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How do you know if there’s a tiger shark swimming nearby if you can’t see it?
I was asking myself this very question on an underwater photography documentary expedition to the Western Philippines a few years ago. It didn’t take very long to start seeing the clues.
On the second day of diving, I saw a three-legged sea turtle swim lopsidedly past. Its birdlike eyes warily scanned a sunlit expanse of coral garden on Tubbataha’s South Island atoll in the middle of the Sulu Sea. The crippled green slowed cautiously as it approached the edge of the reef wall plunging cliff-like into the inky depths below. To be fair, this turtle could be considered lucky—it only lost a leg. For many others the first glimpse of the striped torpedo of a tiger shark barreling out of the deep would have been the last thing they ever saw.
I’ll admit I watched ‘Jaws’ a few too many times when I was a kid, this probably explains why I think about sharks when I should be thinking about how to bring back some new underwater photos. But the ‘Jaws’ reminders were a little too easy to find on this trip.
I caught my first glimpse of a Tubbataha tiger in the dim light of early morning the following day. The sun was just passing the Sulu Sea horizon when we spotted the iconic dorsal fin knifing effortlessly through the mirror-flat water. Under the cover of a moonless night only a few hours before, the shark had easily ambushed unsuspecting victims; but in the gathering daylight it seemed to sense its own vulnerability.
The shark swam faster as our small outboard dingy from the WWF reef survey ship Minerva drew closer. The small engine whined as we matched the shark’s speed, and when we were right beside it I plunged my camera into the rushing water, snapping a few frames before the shark vanished into the safety of deep water with a few powerful sweeps of its tail.
The rest of the day passed without a tiger shark sighting and by the end of an amazing day of diving and new underwater photos I had almost cleared the ‘Jaws’ highlights from my mind.
But we still a night dive on the day’s schedule, and it happened to be at the same spot where we had seen the three-legged sea turtles earlier in the day.
So there I was on a dark, moonless night with my legs were dangling helplessly beneath me into the inky black sea while we prepared to dive. I imagined the sharks were prowling again—remember the opening scene of ‘Jaws’ where the girl swims at night (and gets eaten)?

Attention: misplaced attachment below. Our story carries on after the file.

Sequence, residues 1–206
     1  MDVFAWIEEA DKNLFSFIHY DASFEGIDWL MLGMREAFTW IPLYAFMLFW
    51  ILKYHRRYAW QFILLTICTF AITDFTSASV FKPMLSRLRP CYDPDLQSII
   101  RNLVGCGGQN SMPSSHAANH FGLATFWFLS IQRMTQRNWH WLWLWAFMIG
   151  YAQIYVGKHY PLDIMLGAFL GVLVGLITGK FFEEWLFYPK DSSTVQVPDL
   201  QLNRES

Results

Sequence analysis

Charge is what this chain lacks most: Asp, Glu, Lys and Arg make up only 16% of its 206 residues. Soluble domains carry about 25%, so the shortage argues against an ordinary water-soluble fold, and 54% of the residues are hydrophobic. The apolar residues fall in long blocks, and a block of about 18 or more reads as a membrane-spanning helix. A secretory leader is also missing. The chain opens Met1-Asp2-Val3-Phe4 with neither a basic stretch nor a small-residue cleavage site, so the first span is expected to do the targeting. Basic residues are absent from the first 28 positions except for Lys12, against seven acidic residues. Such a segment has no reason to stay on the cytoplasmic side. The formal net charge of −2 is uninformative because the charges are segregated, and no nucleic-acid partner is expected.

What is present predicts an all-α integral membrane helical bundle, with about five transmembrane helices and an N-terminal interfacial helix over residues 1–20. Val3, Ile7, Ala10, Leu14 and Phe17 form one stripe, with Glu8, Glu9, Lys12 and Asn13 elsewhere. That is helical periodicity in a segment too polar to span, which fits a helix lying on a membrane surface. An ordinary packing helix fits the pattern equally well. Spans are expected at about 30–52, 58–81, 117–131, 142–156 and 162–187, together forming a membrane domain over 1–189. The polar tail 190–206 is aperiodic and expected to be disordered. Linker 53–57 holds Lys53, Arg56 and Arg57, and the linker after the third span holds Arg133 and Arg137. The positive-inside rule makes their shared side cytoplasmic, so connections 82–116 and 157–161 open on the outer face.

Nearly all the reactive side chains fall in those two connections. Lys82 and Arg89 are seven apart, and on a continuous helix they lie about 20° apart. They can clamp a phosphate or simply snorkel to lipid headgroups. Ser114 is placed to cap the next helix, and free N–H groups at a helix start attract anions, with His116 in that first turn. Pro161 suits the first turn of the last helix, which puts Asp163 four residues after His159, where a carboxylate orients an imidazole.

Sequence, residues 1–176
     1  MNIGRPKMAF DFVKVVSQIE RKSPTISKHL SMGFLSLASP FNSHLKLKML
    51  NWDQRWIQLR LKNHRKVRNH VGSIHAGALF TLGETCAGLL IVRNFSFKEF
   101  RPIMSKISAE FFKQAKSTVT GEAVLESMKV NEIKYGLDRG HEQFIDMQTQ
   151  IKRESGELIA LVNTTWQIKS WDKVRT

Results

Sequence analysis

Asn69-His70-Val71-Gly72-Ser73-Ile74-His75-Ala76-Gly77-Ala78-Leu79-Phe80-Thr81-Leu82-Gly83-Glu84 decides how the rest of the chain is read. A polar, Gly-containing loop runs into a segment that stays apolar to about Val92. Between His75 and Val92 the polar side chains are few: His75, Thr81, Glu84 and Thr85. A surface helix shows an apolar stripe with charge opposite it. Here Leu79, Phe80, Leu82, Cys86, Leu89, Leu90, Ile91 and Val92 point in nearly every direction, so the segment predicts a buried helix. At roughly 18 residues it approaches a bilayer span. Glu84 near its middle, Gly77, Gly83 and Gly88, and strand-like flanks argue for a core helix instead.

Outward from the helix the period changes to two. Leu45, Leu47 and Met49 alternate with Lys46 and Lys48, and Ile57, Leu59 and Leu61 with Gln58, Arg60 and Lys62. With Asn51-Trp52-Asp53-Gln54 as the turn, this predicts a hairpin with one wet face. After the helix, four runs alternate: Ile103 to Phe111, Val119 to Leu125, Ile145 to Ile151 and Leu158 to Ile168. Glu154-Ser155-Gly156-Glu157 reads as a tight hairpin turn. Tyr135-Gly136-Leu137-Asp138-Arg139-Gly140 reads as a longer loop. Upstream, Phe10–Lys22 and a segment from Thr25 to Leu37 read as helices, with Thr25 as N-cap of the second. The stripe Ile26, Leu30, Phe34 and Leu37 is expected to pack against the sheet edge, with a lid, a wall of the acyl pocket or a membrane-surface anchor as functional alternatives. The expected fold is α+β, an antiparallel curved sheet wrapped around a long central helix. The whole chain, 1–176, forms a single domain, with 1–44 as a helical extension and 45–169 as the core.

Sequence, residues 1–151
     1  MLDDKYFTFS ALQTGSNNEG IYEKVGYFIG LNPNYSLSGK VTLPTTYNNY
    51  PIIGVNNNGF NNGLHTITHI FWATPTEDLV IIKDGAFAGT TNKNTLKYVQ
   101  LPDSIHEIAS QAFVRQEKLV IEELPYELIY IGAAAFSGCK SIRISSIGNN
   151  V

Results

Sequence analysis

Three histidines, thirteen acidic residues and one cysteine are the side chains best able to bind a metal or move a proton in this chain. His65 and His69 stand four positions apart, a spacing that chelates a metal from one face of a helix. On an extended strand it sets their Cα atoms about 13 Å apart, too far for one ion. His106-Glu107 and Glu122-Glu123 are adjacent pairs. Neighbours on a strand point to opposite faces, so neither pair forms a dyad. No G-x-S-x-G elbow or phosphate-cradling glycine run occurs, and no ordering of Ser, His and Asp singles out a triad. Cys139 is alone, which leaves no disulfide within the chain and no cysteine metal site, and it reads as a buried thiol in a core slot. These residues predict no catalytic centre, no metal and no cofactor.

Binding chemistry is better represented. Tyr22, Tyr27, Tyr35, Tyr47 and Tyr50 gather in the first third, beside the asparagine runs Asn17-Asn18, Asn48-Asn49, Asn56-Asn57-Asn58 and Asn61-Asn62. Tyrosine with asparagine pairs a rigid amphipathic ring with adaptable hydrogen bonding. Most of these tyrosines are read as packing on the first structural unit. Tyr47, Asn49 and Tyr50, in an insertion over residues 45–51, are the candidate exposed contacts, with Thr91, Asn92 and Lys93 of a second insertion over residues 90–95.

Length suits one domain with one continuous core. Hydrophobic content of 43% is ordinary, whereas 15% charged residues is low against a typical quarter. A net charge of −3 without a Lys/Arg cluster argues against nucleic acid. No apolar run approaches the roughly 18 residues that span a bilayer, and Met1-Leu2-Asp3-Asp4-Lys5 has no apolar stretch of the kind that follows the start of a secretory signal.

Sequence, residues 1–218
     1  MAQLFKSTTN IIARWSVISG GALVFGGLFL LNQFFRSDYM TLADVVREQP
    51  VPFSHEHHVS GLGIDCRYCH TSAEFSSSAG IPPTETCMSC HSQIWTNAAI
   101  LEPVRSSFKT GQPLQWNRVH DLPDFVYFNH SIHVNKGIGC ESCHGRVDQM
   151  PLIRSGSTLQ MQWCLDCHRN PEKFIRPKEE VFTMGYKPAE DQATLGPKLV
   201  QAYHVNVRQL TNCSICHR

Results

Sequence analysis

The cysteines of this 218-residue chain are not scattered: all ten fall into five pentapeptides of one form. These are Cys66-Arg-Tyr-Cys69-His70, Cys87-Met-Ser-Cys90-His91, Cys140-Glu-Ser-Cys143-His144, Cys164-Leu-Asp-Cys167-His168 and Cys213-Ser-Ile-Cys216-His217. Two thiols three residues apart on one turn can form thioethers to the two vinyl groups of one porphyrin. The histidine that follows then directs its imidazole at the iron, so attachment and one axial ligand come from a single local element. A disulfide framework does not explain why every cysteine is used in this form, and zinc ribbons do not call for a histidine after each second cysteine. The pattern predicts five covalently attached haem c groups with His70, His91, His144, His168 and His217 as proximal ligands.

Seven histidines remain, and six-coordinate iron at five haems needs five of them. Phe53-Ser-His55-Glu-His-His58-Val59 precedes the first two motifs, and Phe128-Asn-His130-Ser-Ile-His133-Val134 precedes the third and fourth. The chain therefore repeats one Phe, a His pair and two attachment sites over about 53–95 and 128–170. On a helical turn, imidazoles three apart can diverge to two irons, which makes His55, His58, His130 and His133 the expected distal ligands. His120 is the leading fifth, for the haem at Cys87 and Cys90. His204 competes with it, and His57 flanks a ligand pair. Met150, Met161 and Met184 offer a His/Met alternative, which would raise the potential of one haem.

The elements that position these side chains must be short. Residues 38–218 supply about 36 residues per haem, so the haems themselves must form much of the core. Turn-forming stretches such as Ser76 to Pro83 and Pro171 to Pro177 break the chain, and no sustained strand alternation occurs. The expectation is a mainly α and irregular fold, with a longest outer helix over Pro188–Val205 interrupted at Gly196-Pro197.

I tried to clear Spielberg’s scary camera angles out of my mind as I hastily checked the scuba equipment. I wanted to get underwater where I didn’t feel so vulnerable. I don’t know if my dive buddies were thinking the same thing, but everyone seemed to want to get under quickly.
Enveloped in a storm of silvery bubbles as we submerged, we swam towards a wide plateau of coral reef about ten meters deep. I felt a lot more comfortable down among the corals and not bobbing helplessly on the surface for a passing tiger to swipe at.
My flashlight cast an eerie greenish glow around me as I looked for night animals to photograph. Just to be safe, I pointed the flashlight towards the coral wall where I knew the dropoff plunged for more than 100 feet—the perfect hunting grounds for an opportunistic tiger shark.
The beam cast a feeble light, but enough to illuminate a four-foot reef shark ghosting by, its eyes gleamed back unblinkingly. Bad idea.
Nervous, I swam a little closer to my dive buddies who were hovering over a large coral formation taking photos. Without realizing that I had strayed too close, one of them gave an unexpected kick and knocked the air regulator out of my mouth.
Bubbles surrounded me and I could hear the air gushing from my tank. I fumbled to grab the hose and put the regulator back in my mouth and start breathing again. I already felt my chest getting tight as I held my breath. They didn’t realize I was in trouble.
With the underwater camera strapped to one wrist and the flashlight on the other, it was a lot harder than usual to find the air hose without getting everything tangled. A lung-burning minute passed before I could get a hold of the regulator and everything was ok again.
Maybe better to explore the reef during the day and leave it to the sharks at night?